Conserving crop wild relatives key to enhanced productivity

A basket of fruits. Better crop yields to an extent depends on among other factors the use of crop wild relatives to improve the quality of crops we grow. FILE PHOTO | NMG

What you need to know:

  • These plants are a source of genes for addressing different stresses in the plants as well as address other breeding goals including increased crop yield and quality improvement.
  • Transferring these traits including disease resistance from the CWRs to our modern-day domesticated breeds, is normally done using traditional breeding methodologies as well as molecular approaches, which entail cloning genes from wild species and transferring them into the targeted crop’s cultivated background.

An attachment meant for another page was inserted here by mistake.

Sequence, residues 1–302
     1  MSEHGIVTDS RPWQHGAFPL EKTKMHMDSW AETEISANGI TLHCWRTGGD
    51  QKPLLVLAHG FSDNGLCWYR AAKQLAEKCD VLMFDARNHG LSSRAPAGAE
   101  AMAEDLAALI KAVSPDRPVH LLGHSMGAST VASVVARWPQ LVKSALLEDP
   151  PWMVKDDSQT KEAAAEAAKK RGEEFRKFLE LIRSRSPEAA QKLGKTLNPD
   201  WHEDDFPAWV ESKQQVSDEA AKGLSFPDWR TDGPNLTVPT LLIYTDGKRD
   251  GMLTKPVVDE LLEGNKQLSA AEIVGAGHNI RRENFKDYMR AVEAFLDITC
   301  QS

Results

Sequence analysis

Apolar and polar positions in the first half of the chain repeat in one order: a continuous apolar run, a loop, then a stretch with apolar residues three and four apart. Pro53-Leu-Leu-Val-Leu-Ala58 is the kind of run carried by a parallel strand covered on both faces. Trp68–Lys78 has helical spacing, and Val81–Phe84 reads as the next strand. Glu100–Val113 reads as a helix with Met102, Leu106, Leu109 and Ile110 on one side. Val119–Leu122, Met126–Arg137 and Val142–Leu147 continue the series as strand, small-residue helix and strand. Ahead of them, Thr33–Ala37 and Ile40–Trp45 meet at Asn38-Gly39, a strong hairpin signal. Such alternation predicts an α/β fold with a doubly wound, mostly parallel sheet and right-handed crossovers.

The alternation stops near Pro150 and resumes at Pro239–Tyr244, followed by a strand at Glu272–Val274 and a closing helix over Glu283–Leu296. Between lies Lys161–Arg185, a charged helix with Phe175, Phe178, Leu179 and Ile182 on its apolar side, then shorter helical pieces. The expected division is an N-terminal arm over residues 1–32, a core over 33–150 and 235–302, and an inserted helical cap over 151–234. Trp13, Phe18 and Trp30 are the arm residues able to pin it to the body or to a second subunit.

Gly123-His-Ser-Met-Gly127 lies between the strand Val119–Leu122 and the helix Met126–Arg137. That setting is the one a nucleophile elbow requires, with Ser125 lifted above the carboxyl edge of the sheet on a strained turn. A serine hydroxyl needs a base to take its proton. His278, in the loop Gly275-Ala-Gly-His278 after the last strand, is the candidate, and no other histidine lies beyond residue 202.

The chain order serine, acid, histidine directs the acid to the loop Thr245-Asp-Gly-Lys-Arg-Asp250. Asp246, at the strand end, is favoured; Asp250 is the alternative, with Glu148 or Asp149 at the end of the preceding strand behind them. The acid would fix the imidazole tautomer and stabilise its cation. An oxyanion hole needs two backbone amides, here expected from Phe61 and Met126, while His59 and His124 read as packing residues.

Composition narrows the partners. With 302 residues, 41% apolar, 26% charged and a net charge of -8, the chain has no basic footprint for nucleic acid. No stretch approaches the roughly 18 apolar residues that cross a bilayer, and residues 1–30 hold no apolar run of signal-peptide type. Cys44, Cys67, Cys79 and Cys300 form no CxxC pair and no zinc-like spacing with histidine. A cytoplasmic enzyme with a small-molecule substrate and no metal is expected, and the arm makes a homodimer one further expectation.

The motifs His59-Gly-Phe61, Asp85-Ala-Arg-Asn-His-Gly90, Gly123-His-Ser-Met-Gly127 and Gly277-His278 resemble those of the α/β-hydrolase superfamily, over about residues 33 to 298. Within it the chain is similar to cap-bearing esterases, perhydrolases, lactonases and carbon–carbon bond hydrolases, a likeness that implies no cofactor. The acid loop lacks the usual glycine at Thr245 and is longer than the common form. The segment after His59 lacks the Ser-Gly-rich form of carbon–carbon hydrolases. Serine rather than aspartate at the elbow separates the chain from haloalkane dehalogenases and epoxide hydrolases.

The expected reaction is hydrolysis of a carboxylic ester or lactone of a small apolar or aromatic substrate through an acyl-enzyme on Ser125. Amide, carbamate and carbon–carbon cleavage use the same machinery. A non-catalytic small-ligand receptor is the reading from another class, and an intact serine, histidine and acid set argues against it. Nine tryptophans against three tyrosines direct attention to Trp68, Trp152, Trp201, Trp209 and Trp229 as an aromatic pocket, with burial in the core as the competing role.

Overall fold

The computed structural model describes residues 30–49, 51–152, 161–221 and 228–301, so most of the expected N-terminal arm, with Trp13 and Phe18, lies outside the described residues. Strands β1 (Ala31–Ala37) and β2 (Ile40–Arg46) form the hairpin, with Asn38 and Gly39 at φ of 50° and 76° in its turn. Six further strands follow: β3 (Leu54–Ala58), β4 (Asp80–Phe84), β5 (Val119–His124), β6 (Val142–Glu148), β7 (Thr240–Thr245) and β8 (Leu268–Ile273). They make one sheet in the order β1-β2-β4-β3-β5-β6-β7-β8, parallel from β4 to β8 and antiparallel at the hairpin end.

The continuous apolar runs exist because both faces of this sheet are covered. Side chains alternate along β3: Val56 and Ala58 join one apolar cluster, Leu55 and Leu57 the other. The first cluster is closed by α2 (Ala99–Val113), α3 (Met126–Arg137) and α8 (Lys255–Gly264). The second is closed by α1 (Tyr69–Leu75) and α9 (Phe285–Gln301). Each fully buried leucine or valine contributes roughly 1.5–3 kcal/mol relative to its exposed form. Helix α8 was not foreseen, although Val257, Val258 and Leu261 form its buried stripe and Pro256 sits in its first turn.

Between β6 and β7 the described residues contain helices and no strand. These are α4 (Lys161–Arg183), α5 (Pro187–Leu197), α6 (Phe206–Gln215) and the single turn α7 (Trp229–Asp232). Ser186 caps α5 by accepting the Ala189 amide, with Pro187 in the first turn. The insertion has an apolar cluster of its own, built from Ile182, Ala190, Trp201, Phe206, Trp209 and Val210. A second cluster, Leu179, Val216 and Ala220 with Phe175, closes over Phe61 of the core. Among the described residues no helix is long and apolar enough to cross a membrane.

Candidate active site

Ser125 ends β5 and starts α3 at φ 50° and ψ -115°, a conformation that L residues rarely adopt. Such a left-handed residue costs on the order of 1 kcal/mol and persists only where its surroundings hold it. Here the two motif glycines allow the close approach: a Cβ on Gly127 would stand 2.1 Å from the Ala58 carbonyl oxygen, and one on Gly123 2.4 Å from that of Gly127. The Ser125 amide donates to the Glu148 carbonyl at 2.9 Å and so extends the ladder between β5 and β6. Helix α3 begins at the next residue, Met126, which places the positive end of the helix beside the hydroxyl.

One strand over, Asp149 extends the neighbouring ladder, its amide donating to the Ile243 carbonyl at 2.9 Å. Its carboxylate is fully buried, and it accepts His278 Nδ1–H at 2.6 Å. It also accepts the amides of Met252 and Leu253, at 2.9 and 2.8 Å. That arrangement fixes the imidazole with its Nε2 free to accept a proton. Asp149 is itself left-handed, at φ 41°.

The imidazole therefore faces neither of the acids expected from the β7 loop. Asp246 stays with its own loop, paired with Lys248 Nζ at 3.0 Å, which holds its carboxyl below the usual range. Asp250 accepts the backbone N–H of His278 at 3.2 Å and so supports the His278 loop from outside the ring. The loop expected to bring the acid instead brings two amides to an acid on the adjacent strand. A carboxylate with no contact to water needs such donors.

• While CWRs can improve drought resilience in crops, due to climate change, these genetic resources may themselves be under threat of extinction in the wild, especially due to human activities and climate change.
  • These PGRs have for ages provided the foundation for crop improvement ever since the advent of agriculture.

From climate change, land degradation, soil destitution, pest and disease outbreaks, to genetic erosion –where the limited gene pool of an endangered species diminishes due to its procreative individuals dying away before reproducing, agricultural productivity and food production continue to face a sustained onslaught of challenges.


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